How was the Hindi language spread?
India is a land rich in languages. Hundreds of languages and dialects co-exist, some of them spoken by only a few hundred people. While it’s not unusual for several different languages to be spoken in one country, India is fairly uncommon not only through the number of languages but also their diversity, as not all the languages belong to the same language group. About 78% of Indians speak a language belonging to the Indo-European language family, to which English also belongs. However, they do not belong to the same sub-group. The Indian languages are part of the Indo-Iranian languages, forming a subgroup called Indo-Aryan. The oldest Indo-Aryan language attested in India is Vedic Sanskrit, with texts dating to the 2nd-1st millennium BC transmitted orally before being set down in writing – for example, some of the sutras of the Rigveda, an important collection of Hindu hymns.
Let's now get more information on the Hindi language!
The Hindi Language
- Throughout the Moghul Empire and for many following and rival dynasties, Persian was the court language. However, when the British colonised India in the 18th through the 19th century, they were on the lookout for a widely-spoken language they could use for administration. Hindustani was widespread enough that it became the official language of the British Indian Empire, under the name of Urdu.
- Hindustani is still used as a vernacular and lingua franca in the northern and western regions of the Indian subcontinent.
- Today, we speak of Hindi if it is spoken in India and Urdu as the language of Pakistan – though, as we will see, there are some differences between the two.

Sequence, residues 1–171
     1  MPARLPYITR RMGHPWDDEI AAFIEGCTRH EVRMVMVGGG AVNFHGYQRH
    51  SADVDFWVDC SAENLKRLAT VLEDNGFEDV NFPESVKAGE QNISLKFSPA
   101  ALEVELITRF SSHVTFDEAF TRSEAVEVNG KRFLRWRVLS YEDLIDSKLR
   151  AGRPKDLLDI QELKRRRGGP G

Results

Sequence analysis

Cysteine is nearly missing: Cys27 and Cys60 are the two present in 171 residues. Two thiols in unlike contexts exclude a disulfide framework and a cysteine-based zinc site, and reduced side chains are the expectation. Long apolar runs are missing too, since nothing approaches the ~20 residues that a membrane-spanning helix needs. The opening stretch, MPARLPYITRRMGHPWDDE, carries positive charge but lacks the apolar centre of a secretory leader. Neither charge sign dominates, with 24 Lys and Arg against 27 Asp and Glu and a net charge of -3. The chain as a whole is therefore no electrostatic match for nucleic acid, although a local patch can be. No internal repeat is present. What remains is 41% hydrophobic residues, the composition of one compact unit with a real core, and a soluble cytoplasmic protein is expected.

Influence on the Hindi language
- The main outside influence on the Khariboli that later became Hindustani was Persian, through the administrators and soldiers of the Delhi Sultanate and later the Mughal Empire. Most Arabic words in Hindustani come from Persian, which has a lot of Arabic loan words.
- Sanskrit and the Prakrit and Apabhramsha languages—the precursors of Hindi—are nominally and verbally inflected. In the nominal realm, the adjective agrees in number and gender with the noun that it qualifies. This is less the case for Hindi because it was greatly influenced by Persian, in which the adjective does not change as a result of a number change in the noun.
Ways to learn Hindi
- Till this point, you should be comfortable having a conversation in basic Hindi. It’s a good time to move towards grammar and correct your conceptions about sentence construction. You can use any good Hindi learning book for this or if you can find a tutor that will be great.
- Start practising some basic sentences in Hindi right away!: Learning a new set of alphabets/script is going to take time. Most of the foreigners or Hindi learners that I know had started with memorizing and understanding basic sentences in Hindi. Since you don’t know the Hindi script yet, write down the pronunciation of sentences in your mother tongue or the Roman script.
- Make use of subtitles for movies: Most Bollywood movies can be viewed with English subtitles. Because of the wonderful differences between Hindi and English in word order and usage, subtitles often convey meaning rather than being exact translations.
- The original Hindi is best: Hindi is different enough from English that often, there are many possible translations. If you look at more than one translation of Bollywood lyrics on Learn Basic Grammar: line, you may find they are hardly ever exactly the same and often even wildly different.
The further evolution of Hindi and Urdu is rather exciting. In some ways, they are drifting farther apart as India and Pakistan have their own unique cultures, both in terms of religion (India is primarily Hindu and Pakistan primarily Muslim) and other aspects.
Either way, the future of Hindi and Urdu will be an interesting one!
So as you see, learning to speak Hindi will mean getting to know a language with a long and literary past and an exciting, dynamic future.
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